Shy Birds Breakfasting in North Adelaide

On my way into work earlier this month, I cam across these two shy birds having breakfast in the parklands.

Unfortunately they were too shy for any close up photos.

Hercules is a Supporter of the Irish Cricket Team

I was walking through the parklands on my way to work at Blackboard, formerly NetSpot, in North Adelaide when I came across Hercules. I’m assuming he is a supporter of the Irish Cricket Team. My friend Mark Drechsler tells me that they were in town on the weekend for a cricket match.

A Green Torrens Lake

On many mornings, my walk to work at Blackboard, formerly NetSpot, in North Adelaide is very pleasant. It is a nice way to start the day, and is around a 3km walk from the bus stop in the CBD where I get off the bus. The only mornings where it isn’t pleasant is if it is really hot, or really cold, or it is raining and I’ve forgotten my umbrella.

On this particular morning in late February the Torrens Lake, part of the river Torrens, was quite green. There were a significant numbers of algal blooms on this particular morning. It was so striking that I had to stop and take a few quick photos.

Algal Bloom in the Torrens Lake

Algal Bloom in the Torrens Lake. By: techxplorer

To get a sense of the scale of the bloom that I could see, I used the panorama function of my venerable iPhone 4S.

Panorama of the green Torrens Lake. By: techxplorer

Panorama of the green Torrens Lake. By: techxplorer

No, I will not upload my address book. So stop asking!

"Privacy" by: _Bunn_

“Privacy” by: _Bunn_

Those people who follow me on Twitter would have seen the following conversation last night that I had with a member of the LinkedIn Customer Service team.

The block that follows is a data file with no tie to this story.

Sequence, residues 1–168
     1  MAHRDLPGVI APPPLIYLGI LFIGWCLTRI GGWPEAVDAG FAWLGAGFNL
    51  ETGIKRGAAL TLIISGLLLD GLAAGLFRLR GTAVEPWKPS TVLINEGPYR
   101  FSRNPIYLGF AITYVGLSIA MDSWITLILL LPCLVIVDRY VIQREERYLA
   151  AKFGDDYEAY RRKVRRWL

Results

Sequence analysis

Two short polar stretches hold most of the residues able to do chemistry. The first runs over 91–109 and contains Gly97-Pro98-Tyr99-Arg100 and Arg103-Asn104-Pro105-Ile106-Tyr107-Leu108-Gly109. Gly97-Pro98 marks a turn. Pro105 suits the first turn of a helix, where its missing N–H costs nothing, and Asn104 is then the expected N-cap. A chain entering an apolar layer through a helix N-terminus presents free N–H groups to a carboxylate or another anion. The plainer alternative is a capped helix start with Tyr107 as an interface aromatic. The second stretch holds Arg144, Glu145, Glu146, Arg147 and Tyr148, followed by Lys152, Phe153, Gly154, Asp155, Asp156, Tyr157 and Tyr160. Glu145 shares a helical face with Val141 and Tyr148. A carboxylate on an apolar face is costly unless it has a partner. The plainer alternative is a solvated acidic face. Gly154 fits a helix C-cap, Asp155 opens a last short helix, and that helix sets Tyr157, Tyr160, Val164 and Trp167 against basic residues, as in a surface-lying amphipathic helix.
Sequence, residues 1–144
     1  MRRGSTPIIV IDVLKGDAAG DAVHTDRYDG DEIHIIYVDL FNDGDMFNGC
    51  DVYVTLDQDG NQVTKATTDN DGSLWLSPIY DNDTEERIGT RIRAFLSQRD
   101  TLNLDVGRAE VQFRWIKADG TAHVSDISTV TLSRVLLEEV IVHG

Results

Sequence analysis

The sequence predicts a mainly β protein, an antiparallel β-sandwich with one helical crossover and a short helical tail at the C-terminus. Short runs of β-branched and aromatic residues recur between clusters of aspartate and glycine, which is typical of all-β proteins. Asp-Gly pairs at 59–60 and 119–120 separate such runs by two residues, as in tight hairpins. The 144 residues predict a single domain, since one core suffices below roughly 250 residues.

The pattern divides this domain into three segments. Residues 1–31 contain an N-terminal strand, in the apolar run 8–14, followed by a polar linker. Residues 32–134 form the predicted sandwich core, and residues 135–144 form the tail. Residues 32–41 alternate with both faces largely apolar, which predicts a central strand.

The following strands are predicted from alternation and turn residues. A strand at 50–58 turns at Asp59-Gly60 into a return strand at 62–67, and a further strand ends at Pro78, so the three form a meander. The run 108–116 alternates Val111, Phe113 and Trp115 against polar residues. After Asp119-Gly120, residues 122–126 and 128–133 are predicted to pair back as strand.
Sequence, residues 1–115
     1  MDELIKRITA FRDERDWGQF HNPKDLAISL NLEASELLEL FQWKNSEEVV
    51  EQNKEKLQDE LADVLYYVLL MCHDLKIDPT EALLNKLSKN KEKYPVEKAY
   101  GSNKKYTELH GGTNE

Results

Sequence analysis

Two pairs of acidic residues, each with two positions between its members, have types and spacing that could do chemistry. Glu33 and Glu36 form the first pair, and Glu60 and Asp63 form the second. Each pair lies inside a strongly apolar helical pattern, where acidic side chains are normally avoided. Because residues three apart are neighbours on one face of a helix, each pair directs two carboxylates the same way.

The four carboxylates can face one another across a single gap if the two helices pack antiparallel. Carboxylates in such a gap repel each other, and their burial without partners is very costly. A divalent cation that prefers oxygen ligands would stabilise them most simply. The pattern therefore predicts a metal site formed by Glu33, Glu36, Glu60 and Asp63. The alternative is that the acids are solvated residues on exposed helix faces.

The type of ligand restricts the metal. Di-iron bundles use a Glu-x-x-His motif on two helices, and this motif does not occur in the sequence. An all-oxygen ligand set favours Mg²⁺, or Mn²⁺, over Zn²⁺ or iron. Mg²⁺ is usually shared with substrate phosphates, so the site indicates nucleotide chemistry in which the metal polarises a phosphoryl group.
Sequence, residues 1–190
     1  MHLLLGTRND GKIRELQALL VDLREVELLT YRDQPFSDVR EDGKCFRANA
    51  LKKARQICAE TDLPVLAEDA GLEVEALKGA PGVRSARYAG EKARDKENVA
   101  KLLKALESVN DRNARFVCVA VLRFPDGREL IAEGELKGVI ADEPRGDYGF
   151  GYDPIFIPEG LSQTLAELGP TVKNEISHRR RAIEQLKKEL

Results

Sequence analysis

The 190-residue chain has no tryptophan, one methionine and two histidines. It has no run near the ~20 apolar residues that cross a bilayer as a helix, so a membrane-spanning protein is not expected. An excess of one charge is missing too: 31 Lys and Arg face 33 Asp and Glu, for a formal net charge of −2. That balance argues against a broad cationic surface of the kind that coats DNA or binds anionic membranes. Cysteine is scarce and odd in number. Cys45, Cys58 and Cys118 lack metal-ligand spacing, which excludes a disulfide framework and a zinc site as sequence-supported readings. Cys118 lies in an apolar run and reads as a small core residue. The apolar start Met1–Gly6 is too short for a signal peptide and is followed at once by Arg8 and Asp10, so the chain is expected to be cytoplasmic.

Now that I’ve succumbed to the lure of LinkedIn, I’ve been exploring the service in order to make the most of it. I think I should work to extract the most benefit out of sharing my personal and private information with a faceless corporation.

Screen capture of the twitter conversation.

Screen capture of the Twitter conversation.

One thing that I have noticed is that LinkedIn is very persistent in asking me to upload my address book. Either directly, or by giving it access to my Google Account. This is something that I am not prepared to do, and being asked to do it repeatedly is getting very tiresome.

There are two main reasons why I am not willing to upload my address book.

The first, I alluded to in my earlier post. My address book contains contact information on people who I have some form of relationship with. I consider the information that I have about others to be private, and I won’t share it with outside services. I simply don’t think it is ethical or moral to do so.

The second is that my address book as information in it about my doctor, and other personal information. I don’t want a faceless corporation mining that data for some sort of nefarious purpose. Yes, I know I’m being a little hyperbolic, but that’s simply how I feel.